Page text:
The Reach Center Launches
New Initiative Will Expand STEM Education in Maine
The Reach Center, a new initiative working to connect promising Maine students with opportunities in science, technology, engineering and mathematics (STEM), launched its work November 29 with a panel discussion on STEM education at the SEA Center at Southern Maine Community College.
Created by a $3.2 million grant from an anonymous Maine benefactor, the Reach Center is a joint program of the Maine Mathematics and Science Alliance and the Maine School of Science and Mathematics.
“STEM education is critical for Maine’s economy and for the success of our students as they look to build promising careers after graduation,” said Jan Mokros, executive director of the Maine Mathematics and Science Alliance and co-director of the Reach Center. “Many talented students start out interested in science, technology, engineering and math, but by the time they graduate from high school they have lost interest. We hope to turn that around and foster a lifelong interest in these important areas.”
One of the goals of the Reach Center is to take advantage of the interest many students already exhibit in hands-on science and technology to raise the bar for science and math education in Maine.
“Maine’s knowledge-based economy is driven by innovation, which in turn is fueled by a well-educated workforce equipped with STEM skills,” said former U.S. Congressman Tom Allen, who gave the keynote address at the Reach Center’s launch event. “A background in STEM is not only essential to many current and future careers, it is also a means for citizens to navigate an increasingly complex world—from understanding environmental sustainability to addressing the need for new sources of energy.”
In addition to creating new opportunities for students, the Center will connect middle and high school students with existing programs in STEM areas, helping to make the programs more accessible.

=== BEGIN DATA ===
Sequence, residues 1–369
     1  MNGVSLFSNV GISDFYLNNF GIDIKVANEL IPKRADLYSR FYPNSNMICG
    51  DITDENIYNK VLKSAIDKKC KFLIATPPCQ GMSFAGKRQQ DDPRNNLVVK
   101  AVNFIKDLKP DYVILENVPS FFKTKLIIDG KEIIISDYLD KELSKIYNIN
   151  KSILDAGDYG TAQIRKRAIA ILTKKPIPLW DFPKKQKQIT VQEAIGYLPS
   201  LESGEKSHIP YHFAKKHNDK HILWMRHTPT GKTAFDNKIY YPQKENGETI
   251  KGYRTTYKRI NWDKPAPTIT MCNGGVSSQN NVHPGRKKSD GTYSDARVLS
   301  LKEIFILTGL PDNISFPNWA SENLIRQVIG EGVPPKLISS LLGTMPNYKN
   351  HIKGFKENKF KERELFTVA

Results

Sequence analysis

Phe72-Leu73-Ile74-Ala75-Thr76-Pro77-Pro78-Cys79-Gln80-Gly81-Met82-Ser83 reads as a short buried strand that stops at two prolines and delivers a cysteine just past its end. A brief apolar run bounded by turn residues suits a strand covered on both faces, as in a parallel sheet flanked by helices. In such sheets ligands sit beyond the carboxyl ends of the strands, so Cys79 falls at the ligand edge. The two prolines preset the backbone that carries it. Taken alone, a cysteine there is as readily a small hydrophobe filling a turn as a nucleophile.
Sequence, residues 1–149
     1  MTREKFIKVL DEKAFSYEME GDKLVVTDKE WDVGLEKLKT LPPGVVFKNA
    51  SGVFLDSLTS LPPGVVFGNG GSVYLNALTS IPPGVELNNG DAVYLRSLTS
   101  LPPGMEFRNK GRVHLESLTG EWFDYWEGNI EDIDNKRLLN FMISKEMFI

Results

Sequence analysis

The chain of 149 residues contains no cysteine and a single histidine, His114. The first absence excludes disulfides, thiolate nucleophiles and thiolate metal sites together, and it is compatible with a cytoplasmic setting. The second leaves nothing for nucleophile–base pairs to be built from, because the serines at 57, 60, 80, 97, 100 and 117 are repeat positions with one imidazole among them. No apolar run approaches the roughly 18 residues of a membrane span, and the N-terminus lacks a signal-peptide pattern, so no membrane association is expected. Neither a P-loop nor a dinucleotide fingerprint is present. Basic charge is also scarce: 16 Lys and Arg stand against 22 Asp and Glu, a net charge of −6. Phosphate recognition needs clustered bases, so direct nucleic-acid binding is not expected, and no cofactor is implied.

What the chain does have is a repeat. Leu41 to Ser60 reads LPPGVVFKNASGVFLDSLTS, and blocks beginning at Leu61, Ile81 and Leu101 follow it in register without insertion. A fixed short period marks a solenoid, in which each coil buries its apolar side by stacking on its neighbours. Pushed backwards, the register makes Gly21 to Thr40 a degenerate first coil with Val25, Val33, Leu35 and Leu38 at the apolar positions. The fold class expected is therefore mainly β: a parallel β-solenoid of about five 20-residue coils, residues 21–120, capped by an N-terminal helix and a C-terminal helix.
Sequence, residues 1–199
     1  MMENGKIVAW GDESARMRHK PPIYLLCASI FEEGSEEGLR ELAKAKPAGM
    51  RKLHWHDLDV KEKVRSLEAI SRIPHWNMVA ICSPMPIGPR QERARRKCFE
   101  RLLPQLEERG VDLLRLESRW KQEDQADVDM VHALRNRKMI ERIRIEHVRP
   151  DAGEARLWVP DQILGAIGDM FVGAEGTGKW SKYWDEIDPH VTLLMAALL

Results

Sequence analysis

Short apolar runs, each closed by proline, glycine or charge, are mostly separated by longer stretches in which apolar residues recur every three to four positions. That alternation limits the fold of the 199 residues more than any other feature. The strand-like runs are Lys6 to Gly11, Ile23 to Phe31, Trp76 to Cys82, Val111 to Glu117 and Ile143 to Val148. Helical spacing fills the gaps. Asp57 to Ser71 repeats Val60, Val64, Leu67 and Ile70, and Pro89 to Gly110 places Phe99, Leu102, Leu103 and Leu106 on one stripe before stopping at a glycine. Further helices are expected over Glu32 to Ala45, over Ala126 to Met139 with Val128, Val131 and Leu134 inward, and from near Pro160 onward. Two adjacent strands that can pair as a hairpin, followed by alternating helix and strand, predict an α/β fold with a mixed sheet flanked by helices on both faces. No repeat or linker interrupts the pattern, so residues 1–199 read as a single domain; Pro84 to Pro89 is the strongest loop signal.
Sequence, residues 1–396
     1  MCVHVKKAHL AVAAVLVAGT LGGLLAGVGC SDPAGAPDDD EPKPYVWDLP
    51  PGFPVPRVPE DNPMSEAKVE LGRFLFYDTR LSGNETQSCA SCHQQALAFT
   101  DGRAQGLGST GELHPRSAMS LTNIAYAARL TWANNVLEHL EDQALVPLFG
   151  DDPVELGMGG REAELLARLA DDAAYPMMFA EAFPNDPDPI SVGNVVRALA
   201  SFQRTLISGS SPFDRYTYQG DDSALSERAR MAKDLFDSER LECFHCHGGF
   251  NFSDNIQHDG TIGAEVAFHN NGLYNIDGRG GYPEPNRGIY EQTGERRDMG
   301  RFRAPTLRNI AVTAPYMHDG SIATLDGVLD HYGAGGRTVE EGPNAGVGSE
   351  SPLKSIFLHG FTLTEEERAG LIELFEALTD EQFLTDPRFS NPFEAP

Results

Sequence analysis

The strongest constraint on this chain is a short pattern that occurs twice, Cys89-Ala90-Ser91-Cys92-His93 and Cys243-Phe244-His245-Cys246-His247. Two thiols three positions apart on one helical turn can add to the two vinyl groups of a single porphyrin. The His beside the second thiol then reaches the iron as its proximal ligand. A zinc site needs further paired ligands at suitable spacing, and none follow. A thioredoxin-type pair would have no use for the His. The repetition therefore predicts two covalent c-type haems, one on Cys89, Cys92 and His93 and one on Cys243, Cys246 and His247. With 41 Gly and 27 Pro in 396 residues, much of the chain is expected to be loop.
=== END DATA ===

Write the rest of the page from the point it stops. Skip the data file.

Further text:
The Reach Center will work to arrange mentorship programs, online opportunities and after-school programs, and it will serve as a link to programs that already exist around the state.
The launch event included remarks by Tom Allen, now president of the Association of American Publishers; Dr. Allyson Handley, president of the University of Maine at Augusta; and a panel comprising Falmouth High School students Muna El-Taha and Shreyas Joshi; Luke Shorty, executive director of the Maine School for Science and Math; Alan Lishness, chief innovation officer at the Gulf of Maine Research Institute; and Laurie Lachance, executive director of the Maine Development Foundation.
In addition to the distinguished speakers and panel discussion, the Reach Center also unveiled a four-minute video about their mission that shares stories of how people have become engaged in science and math. That video, along with 12 individual clips of students, teachers, and STEM professionals sharing their STEM stories, is also available at http://reachcenter.me.
The Center previously held a summer conference to gather teachers’ input on how best to achieve its goals of identifying, engaging, supporting, and challenging promising young people in advanced STEM topics. A design conference is planned for February 2012 to create the first student programs, slated to begin in the summer.
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